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The evolution of retirement and its impact on your pension

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  Posted by: The Probe      3rd April 2020

By Michael Lansdell

Last year, there was a huge increase in the amount paid in voluntary National Insurance Contributions (NICs). Figures from HMRC showed the amount collected from Class 3 (voluntary) NICs in 2018/19 was £119.3m, compared to £12.8m in 2016/17.[i]

The reasons for this leap? Since 2016, the amount of State Pension you receive is dependent on your National Insurance record. Many people will have gaps in their NICs history, perhaps due to being self-employed, working abroad, or a period of unemployment without claiming benefits. To put it briefly, if you’ve got 35 years plus of NICs, you’ll get the full amount; between 10 and 34 years, you’ll receive a proportion of the full amount and less than 10 years, you may not be eligible to receive anything at all. Of course, as with anything pensions, there are different layers to calculating what you could expect to receive and all sorts of circumstances will come into play.

Rethinking the traditional model of retirement

There is much to think about with pensions – both state and personal – as well as retirement in general, because the goalposts have changed. In the UK, we are living and working longer. As well as life expectancy going up, the percentage of people of a pensionable age still in employment has doubled since 1998.[ii] There is no traditional ‘model’ for retirement; in dentistry, many are continuing to work part-time later in their career; if not in practice, in education, training or consultancy and the like. For dentists and dental practice owners, a fulfilling work-life balance often means combining ‘keeping your hand in’ and remaining connected to the industry with more leisurely pursuits associated with retirement.

But it’s still wise to have goals and constantly review both your State Pension provision, plus any personal plans you have invested in. Do you need to top up your voluntary NICs? It’s important to note, topping up doesn’t always guarantee you will increase your pension. Make sure you consult your specialist dental accountant on this. What are your expectations for later life – more and more people can’t imagine not working at all, because it keeps them mentally active and also because they love what they do!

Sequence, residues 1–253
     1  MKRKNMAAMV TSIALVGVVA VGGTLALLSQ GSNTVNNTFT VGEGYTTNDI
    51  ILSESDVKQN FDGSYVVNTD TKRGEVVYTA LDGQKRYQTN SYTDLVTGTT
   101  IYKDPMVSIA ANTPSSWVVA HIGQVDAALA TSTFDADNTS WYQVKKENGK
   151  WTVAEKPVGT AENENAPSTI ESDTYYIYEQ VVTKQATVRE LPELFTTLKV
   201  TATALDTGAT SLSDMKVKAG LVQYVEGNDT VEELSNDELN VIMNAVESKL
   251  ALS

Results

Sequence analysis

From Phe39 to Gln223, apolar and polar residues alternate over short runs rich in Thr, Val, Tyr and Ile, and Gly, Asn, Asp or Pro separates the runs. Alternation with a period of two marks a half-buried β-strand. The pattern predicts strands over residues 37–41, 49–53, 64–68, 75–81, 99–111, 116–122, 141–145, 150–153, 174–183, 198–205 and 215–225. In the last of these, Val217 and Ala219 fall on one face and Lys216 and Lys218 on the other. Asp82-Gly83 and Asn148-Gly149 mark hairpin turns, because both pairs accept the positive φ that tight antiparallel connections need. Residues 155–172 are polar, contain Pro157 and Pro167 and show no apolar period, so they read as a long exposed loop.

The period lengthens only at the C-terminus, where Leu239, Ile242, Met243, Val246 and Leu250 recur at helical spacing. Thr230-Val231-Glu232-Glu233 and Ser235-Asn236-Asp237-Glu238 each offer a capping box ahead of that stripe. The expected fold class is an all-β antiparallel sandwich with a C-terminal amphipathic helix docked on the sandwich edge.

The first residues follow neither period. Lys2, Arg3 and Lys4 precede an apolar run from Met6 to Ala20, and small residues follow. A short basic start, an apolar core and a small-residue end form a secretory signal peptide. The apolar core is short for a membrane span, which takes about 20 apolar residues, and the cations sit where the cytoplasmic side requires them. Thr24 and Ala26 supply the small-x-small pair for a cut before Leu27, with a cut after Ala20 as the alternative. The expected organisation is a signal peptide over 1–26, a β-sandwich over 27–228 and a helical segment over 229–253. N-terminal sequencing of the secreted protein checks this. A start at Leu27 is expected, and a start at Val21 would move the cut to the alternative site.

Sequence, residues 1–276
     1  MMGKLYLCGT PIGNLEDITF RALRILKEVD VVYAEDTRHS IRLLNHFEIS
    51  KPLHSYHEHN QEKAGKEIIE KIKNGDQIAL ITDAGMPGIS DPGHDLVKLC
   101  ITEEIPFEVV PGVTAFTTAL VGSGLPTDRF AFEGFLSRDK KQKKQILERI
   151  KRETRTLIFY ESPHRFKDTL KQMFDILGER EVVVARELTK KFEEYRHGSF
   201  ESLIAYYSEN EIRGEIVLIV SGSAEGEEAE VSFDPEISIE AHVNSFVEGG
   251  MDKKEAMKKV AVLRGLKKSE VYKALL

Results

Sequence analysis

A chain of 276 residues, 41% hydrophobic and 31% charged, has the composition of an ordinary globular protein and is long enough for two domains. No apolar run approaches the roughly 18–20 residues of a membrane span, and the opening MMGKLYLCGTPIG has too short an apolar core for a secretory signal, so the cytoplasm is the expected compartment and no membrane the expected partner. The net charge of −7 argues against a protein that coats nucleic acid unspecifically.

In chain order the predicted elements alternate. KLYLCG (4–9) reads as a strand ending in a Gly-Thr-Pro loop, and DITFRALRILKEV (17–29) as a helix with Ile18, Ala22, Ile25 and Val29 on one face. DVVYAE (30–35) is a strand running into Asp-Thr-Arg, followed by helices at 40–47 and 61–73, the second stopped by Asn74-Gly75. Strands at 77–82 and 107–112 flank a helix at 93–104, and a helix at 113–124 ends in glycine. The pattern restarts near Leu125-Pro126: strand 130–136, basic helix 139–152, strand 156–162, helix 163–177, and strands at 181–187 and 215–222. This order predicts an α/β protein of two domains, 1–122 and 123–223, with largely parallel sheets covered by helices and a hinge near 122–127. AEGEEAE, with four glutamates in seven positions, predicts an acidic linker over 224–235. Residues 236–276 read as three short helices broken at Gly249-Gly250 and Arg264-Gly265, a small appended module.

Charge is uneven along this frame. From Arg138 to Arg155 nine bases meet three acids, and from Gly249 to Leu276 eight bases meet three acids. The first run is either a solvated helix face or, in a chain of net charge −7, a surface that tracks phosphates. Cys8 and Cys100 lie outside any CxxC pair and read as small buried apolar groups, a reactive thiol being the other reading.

Pay attention

With pensions, the only certainty is that one size does not fit all and the rules are always subject to change. There have been several changes over the last few years; the tapered annual allowance came into force in 2016 and, after 6 April, all Adult Dependency Increase (ADI) payments as part of the State Pension will stop completely – these are just two recent examples.

Dental practice owners are not likely to find themselves relying solely on their
State Pension, but paying close attention to what’s going on in the world of pensions is essential to avoid any ticking timebomb. Understanding how the concept of ‘retirement’ has evolved (many now retire ‘gradually’, rather than take their carriage clock and run) and being honest about your own wishes and expectations for the future is also key.

The government has various online tools to help – look at the pensions’ section of its website – but the advice of a specialist dental accountant is worth its weight in gold. Lansdell & Rose, as well as financial planning for business, offer support with how to maximise your personal finance, freeing up more money for you, your family and whatever future you would like to see.


To find out more, call Lansdell & Rose on 020 7376 9333,

Or visit


[i] Surge in people topping up their state pension., 16 October 2019. Link: (accessed January 2020).

[ii] How would you support our ageing population? ONS, 24 June 2019. Link: (accessed January 2020).

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